Since my focus is on optimization, e.g. training a model, I will assume that we have done all the datapreparation, and we have the table created Yoni’s notebook in a file called data_set.csv
.
Each feature value is associated with an index, and \(m\) is the total number of distinct feature values.
We will be using a secondorder factorization machine \(\sigma(w, x)\) for our recommendation prediction task. The model \(\sigma(w, x)\) is given a binary input \(w \in \{0, 1\}^m\) which encodes the feature values of the training sample, its parameter vector is \(x = (b_0, b_1, \dots, b_m, v_1, \dots, v_m)\) which is composed of the model’s bias \(b_0 \in \mathbb{R}\), the feature value biases \(b_1, \dots, b_m\in \mathbb{R}\), and the feature value latent vectors \(v_1, \dots, v_m \in \mathbb{R}^k\), where \(k\) is our embedding dimension. The model computes:
\[\sigma(w, x) := b_0 + \sum_{i = 1}^m w_i b_i + \sum_{i = 1}^m\sum_{j = i + 1}^{m} (v_i^T v_j) w_i w_j\]As the embedding dimension \(k\) increases, the model has more parameters to represent the data. Here is a PyTorch implementation of the model above, adapted from Yoni’s blog:
import torch
from torch import nn
def trunc_normal_(x, mean=0., std=1.):
"Truncated normal initialization."
# From https://discuss.pytorch.org/t/implementingtruncatednormalinitializer/4778/12
return x.normal_().fmod_(2).mul_(std).add_(mean)
class FMModel(nn.Module):
def __init__(self, m, k):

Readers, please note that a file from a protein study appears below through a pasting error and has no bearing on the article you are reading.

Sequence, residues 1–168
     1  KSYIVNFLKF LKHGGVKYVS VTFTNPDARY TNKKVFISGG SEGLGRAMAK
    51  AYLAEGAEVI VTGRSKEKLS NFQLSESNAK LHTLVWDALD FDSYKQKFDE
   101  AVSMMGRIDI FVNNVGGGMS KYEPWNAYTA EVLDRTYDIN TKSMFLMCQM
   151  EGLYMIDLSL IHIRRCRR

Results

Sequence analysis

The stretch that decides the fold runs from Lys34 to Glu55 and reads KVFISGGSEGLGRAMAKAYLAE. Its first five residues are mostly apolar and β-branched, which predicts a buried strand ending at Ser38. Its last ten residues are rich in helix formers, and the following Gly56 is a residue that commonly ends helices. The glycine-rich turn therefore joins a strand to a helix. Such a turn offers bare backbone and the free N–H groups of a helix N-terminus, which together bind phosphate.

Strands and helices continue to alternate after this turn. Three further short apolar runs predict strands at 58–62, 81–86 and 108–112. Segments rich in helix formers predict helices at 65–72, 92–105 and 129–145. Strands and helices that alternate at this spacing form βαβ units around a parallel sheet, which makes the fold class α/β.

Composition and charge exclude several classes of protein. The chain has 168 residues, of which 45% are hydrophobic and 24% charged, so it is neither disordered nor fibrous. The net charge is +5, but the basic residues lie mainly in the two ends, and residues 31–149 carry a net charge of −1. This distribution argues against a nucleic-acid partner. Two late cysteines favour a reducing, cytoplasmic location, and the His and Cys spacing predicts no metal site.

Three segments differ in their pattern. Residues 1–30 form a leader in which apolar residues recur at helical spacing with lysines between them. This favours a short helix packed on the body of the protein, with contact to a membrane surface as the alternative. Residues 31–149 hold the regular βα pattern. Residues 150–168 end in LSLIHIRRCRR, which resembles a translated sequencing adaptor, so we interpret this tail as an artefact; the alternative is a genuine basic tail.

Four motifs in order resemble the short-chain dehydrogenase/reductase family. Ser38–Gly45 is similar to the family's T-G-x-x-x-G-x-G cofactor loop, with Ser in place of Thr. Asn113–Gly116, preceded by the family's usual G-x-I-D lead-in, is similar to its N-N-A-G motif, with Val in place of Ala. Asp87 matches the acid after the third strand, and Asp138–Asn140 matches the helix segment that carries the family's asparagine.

super().__init__()
self.b0 = nn.Parameter(torch.zeros(1))
self.bias = nn.Embedding(m, 1) # b_1, \dots, b_m
self.embeddings = nn.Embedding(m, k) # v_1, \dots, v_m
# See https://arxiv.org/abs/1711.09160
with torch.no_grad():
trunc_normal_(self.embeddings.weight, std=0.01)
with torch.no_grad():
trunc_normal_(self.bias.weight, std=0.01)
def forward(self, w):
# Fast impl. of pairwise interactions. See lemma 3.1 from paper:
# Steffen Rendle. Factorization Machines. In ICDM, 2010.
emb = self.embeddings(w) # tensor of size (1, num_input_features, embed_dim)
pow_of_sum = emb.sum(dim=1).pow(2)
sum_of_pow = emb.pow(2).sum(dim=1)
pairwise = 0.5 * (pow_of_sum  sum_of_pow).sum(dim=1)
bias_emb = self.bias(w) # tensor of size (1, num_input_features, 1)
bias = bias_emb.sum(dim=1)
return self.b0 + bias.squeeze() + pairwise.squeeze()
Let’s try to train our model using the L2 loss. To save computational resources for this small example, I am going to train the model with embedding dimension \(k=8\) using and only for 5 epochs. Since I rely on the stability properties of the proxlinear optimizer, I chose the step_size
arbitrarily.
import pandas as pd
import torch
from tqdm import tqdm
# create a Dataset object
df = pd.read_csv('dataset.csv')
inputs = torch.tensor(df[['userId_index','movieId_index','age_index','gender_index','occupation_index']].values)
labels = torch.tensor(df['rating'].values).float()
dataset = torch.utils.data.TensorDataset(inputs, labels)
# create the model
model = FMModel(m=inputs.max() + 1, k=8)
# run five training epochs
opt = ProxLinearL2Optimizer(model.parameters(), step_size=0.1, alpha=1E5, outer=SquaredSPPLoss())
for epoch in range(5):
train_loss = 0.
for w, l in tqdm(torch.utils.data.DataLoader(dataset, shuffle=True)):
opt.zero_grad()
def closure():
pred = model(w)